Lenders usually aren't eager to take your house back, and they're not chomping at the bit to begin foreclosure proceedings as soon as they possibly can. They want you to pay your mortgage – they don’t want ownership of your home, and they don't want to go through the time and cost that foreclosure proceedings involve. If you miss one mortgage payment, you probably have time to fix the situation, but the foreclosure process can vary a little from state to state.
In most cases, your lender does have the legal right to begin foreclosure proceedings if you fall 30 days behind or miss one payment. This language is typically included in the mortgage you signed when you took the loan. As a practical matter, however, this rarely happens. You may be able to miss as many as three payments before foreclosure proceedings begin.
If you miss a mortgage payment, and particularly if you miss more than one, your lender will contact you, either by phone, mail, or both. If you don't respond, you may have another 30 days before your lender gets serious about the situation. You'll receive written notice that it plans to foreclose. What happens next – and how quickly it happens – depends on where you live. About half of all states are judicial foreclosure jurisdictions. The other half allow for non-judicial foreclosures, and some states have hybrid laws where they recognize both processes.
Judicial foreclosures take the longest. After you receive notice from your lender that it's going to take action, it must file a lawsuit against you seeking a court's permission to do so. By law, you must receive a copy of the lawsuit documents, then you must have time to respond. This entire process can take a month or two, then a hearing is scheduled. Even if the lender receives court permission at the hearing, it usually can't foreclose immediately. Some states require that lenders send another notice, telling when it will auction the property for purchase by another buyer. All told, this can all take an additional three months or more after you receive notice that your lender is going to foreclose.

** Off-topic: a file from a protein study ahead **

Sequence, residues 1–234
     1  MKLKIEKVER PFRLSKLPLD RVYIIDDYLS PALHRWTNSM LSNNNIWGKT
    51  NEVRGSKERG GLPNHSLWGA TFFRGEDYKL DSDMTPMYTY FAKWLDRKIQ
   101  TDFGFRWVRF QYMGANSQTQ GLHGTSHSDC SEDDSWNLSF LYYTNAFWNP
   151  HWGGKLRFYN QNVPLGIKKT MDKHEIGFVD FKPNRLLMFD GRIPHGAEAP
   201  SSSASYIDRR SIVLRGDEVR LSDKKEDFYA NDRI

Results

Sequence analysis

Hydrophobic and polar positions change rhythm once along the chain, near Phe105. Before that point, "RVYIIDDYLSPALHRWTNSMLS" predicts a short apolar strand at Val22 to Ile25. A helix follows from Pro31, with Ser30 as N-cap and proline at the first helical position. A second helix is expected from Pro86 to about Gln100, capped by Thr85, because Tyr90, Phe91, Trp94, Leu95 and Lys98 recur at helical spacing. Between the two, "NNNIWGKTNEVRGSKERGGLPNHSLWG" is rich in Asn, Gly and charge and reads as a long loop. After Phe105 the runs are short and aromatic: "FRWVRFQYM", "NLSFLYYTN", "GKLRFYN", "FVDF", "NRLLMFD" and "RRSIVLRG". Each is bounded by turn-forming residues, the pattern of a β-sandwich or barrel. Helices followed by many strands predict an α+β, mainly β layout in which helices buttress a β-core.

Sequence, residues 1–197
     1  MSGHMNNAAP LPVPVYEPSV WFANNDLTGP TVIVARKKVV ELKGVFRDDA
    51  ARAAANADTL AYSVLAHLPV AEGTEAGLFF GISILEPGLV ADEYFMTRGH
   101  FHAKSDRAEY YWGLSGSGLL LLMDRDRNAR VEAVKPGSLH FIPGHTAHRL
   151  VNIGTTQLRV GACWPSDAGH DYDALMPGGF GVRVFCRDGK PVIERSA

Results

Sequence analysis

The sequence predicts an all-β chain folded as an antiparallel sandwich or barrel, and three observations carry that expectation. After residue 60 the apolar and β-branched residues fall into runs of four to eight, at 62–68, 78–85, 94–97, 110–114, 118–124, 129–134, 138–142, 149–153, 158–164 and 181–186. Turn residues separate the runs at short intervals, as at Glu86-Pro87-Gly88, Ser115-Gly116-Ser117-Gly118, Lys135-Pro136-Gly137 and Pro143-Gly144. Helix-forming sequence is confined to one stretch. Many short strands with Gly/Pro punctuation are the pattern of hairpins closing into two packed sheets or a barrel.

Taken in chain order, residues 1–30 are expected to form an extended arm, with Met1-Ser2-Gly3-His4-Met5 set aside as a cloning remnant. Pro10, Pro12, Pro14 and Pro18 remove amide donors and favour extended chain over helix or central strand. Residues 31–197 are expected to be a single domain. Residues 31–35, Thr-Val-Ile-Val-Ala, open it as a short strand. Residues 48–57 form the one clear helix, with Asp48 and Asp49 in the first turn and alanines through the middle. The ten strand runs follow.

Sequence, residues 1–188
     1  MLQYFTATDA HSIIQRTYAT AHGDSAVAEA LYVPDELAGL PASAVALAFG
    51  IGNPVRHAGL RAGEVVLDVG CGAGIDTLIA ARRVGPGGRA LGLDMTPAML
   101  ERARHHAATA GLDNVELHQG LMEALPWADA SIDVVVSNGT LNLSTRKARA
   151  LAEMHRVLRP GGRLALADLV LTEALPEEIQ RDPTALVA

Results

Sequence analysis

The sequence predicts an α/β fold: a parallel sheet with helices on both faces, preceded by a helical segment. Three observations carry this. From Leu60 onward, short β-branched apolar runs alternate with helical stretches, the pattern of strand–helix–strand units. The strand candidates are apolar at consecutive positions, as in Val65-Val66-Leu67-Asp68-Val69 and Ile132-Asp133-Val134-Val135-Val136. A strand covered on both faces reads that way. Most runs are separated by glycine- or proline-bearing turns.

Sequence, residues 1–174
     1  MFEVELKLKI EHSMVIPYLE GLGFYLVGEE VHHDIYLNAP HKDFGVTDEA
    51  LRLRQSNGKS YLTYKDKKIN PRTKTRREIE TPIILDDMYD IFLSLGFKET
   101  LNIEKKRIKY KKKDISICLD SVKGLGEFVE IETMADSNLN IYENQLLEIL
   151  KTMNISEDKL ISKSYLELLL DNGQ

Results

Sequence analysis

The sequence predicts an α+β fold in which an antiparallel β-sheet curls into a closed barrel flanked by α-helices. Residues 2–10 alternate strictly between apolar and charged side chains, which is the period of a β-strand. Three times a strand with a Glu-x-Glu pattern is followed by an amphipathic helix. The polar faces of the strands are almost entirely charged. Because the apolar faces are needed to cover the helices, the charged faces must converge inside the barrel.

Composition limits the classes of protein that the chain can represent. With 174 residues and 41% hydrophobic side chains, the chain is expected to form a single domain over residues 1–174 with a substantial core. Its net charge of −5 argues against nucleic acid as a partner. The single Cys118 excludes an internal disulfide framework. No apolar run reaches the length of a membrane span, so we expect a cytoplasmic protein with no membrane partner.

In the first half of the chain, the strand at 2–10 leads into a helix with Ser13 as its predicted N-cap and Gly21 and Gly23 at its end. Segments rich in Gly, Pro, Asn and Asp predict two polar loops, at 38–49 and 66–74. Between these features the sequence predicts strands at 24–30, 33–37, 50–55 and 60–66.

In non-judicial states, your lender can skip the court proceedings and go directly to foreclosure, but you'll still have a little time – just not as much as if the lender had to file a lawsuit. After you receive notice of the foreclosure, some non-judicial states require that your lender publish notice in a newspaper as well, and this process can take as many as four weeks. The sale of your home might occur two weeks after the last publication. Non-judicial foreclosures differ the most by state law, and in some jurisdictions, notice might be posted at the courthouse rather than in a newspaper.
Depending on why you missed a mortgage payment, foreclosure doesn't have to be inevitable. If you contact your lender immediately when it first inquires about your missed payment – or if you let your lender know even before you miss a payment that you're probably going to – most banks will work with you. You might be able to modify your mortgage to make the payments more manageable, or enter into a forbearance plan to catch up any missed payments if you can make your next ones on time. In a worst case scenario, if you can't catch up or afford even modified loan payments, you might be able to negotiate a short sale where the lender allows you to sell your home for less than you owe.
Beverly Bird has been writing professionally for over 30 years. She is also a paralegal, specializing in areas of personal finance, bankruptcy and estate law. She writes as the tax expert for The Balance.